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It is widely understood that stem cell treatments have the potential to revolutionize medicine. Because of this potential, in 2004 California voters approved Proposition 71 to set up a 10-year, $3 billion program to fund research on stem cells. Under the direction of the California Institute for Regenerative Medicine, this program will pay to build facilities for stem cell research and will fund doctors and scientists to carry out research with the ultimate goal of helping to develop therapies based on stem cells. For this research to move forward, however, will require a steady supply of stem cells, particularly human embryonic stem cells. Those stem cells are collected from developing human embryos created from eggs-or oocytes-harvested from the ovaries of female donors. Thus much of the promise of stem cells depends on women choosing to donate oocytes to the research effort. The oocyte donation process is not without risk, however. Donors are given doses of hormones to trigger the production of more eggs than would normally be produced, and this hormone treatment can have various side effects. Once the eggs have matured in the ovary, they must be retrieved via a surgical procedure that is typically performed under anesthesia, and both the surgery and the anesthesia carry their own risks. Furthermore, given the very personal nature of egg donation, the experience may carry psychological risks for some women as well. With this in mind, in 2006 the California Institute for Regenerative Medicine contracted with the National Academies to organize a workshop that would bring together experts from various areas to speak about the potential risks of oocyte donation and to summarize what is known and what needs to be known about this topic. The Committee on Assessing the Medical Risks of Human Oocyte Donation for Stem Cell Research was formed to plan the workshop, which was held in San Francisco on September 28, 2006. This report is a summary and synthesis of that workshop.

Archives n erlandaises de zoologie

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Future Aspects in Human In Vitro Fertilization

Author : Wilfried Feichtinger
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While the organization of an international congress on in vitro fertilization (IVF) was an entirely new venture for us in 1983, since we had no experience but were full of optimism, we approached the organization of a second Congress in Vien na in 1986 much more calmly. Our experience had increased as had the readiness of many of our friends to help and of people interested in cooperating. However, would our Congress not lose its originality on account of the increased routine? This was certainly a possible danger which we wanted to prevent by means of two counter measures. The first concerned the scientific program: the new and trend-setting aspects of IVF would be discussed primarily rather than the results of traditional methods. The second measure concerned the social program, aimed more at private contacts in the intimate and familiar atmosphere of homes and workplace rather than meetings in luxurious but impersonal public institu tions. We believe that both these measures achieved the desired effect. Although we could not avoid some events taking place at the same time, the most important problems were treated and discussed jointly. Thus, the Congress was easy to survey, and all topics were thoroughly discussed.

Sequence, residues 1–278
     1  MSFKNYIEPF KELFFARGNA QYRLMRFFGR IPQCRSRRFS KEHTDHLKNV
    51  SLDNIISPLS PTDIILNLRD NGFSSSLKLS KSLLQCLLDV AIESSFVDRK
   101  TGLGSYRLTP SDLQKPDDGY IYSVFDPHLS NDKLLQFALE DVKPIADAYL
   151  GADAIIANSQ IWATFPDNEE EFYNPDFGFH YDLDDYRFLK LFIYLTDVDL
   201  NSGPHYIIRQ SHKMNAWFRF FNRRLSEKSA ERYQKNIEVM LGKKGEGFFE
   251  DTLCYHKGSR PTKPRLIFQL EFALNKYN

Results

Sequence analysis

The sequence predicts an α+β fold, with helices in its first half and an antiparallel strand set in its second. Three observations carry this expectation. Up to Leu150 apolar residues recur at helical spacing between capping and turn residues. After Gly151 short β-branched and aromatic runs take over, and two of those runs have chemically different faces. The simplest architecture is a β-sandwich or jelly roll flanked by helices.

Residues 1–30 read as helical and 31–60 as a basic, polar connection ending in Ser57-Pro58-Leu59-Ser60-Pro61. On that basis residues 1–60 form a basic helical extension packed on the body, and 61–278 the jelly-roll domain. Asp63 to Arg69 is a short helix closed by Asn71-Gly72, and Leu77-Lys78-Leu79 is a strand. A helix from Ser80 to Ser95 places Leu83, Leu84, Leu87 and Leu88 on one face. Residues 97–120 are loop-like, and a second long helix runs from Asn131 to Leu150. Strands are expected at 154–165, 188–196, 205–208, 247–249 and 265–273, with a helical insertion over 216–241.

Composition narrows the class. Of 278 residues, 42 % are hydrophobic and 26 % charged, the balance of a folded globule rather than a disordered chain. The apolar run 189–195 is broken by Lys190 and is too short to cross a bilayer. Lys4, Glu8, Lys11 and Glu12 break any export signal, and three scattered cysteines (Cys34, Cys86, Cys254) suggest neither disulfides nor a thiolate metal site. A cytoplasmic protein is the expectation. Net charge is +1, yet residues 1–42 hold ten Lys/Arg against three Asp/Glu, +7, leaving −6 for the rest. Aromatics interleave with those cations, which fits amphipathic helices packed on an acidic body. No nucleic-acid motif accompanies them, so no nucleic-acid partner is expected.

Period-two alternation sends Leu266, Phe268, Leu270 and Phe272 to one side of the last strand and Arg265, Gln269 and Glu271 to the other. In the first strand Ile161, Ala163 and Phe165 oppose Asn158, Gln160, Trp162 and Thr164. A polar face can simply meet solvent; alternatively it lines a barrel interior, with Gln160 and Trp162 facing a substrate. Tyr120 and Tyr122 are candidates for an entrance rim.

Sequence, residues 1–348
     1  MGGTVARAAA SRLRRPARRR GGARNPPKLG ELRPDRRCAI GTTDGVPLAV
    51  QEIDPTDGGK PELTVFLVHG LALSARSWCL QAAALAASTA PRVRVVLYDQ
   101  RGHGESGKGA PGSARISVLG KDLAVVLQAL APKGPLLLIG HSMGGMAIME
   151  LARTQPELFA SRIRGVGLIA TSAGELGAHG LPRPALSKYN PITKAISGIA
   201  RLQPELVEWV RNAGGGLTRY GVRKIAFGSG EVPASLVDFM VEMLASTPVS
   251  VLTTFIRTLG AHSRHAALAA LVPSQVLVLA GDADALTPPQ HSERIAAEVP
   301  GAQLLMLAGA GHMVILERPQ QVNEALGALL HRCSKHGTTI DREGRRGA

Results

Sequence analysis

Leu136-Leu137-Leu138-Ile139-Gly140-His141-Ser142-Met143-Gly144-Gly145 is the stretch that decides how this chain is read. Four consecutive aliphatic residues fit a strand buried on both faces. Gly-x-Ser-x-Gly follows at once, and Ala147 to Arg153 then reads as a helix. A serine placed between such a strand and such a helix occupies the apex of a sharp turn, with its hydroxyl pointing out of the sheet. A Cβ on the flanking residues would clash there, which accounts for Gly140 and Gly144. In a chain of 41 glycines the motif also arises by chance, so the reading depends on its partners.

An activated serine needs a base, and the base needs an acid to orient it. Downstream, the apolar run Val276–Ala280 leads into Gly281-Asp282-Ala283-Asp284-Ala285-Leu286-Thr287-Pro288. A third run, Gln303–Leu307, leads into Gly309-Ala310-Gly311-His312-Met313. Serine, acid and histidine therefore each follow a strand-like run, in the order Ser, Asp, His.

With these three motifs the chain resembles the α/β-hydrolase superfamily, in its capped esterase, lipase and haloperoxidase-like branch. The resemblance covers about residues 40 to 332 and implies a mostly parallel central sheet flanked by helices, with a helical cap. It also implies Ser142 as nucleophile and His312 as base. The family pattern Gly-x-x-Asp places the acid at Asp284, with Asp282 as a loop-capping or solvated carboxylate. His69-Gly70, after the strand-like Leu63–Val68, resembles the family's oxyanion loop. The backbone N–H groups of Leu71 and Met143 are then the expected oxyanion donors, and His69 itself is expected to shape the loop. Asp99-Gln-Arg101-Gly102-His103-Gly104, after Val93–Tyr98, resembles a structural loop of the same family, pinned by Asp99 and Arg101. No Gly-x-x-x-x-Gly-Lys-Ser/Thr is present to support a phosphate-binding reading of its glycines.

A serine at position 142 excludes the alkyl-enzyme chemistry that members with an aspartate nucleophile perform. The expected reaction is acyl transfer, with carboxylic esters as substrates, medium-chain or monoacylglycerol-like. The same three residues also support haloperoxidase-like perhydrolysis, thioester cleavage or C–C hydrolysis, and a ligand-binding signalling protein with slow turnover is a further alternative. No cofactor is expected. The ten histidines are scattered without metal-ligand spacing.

Clinical In Vitro Fertilization

Author : C. Wood
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Man is entering a new era as a result of advances in human reproduction. Techniques have been developed to assist in the creation of man-artificial insemination and, now, in vitro fertilization (IVF). Soon, other new methods, based upon current advances of the IVF procedure, will develop to improve the quality of human reproduction. The book describes the conceptual framework and details of technique concerned with in vitro fertilization and embryo transfer (ET). Edwards and Steptoe first described the technique of IVF and ET and the subsequent births of two normal babies. Since then, the success rate of the system has been improved by the use of fertility drugs to provide more oocytes and preincubation to mature the oocyte before fertilization. As a result of the continued research from Melbourne and Cambridge, more than 100 babies have been born. A free interchange of information between the Cambridge and Melbourne groups has led to a predictable success rate of 15%-20% per laparoscopy, and infertility centres all over the world are now copying the techniques. It is an appropriate time to inform doctors and scientists to help them understand the various procedures involved in IVF and ET. While many advances will occur in the future, the establishment of high success rates in several of the critical steps in the procedure-oocyte pick-up rate (90%), fertilization (>90%) and early embryo development (70%-90% )-signifies that some of the new techniques are stabilized sufficiently to warrant transmission of information by text, rather than scientific journal.

Australian Journal of Zoology

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The Soviet Journal of Developmental Biology

Author :
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Cell Differentiation

Author : Robert John Cecil Harris
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The Fish Oocyte

Author : Patrick J. Babin
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This book presents a comprehensive overview on egg production in fish, from the standpoint of the oocyte. It covers oocyte development, maturation, hydration and fertilization. The book places special emphasis on using state-of-the-art tools for discerning the ultra-structure of the follicle and genomic/proteomic tools to fully understand biological basis of fish reproduction.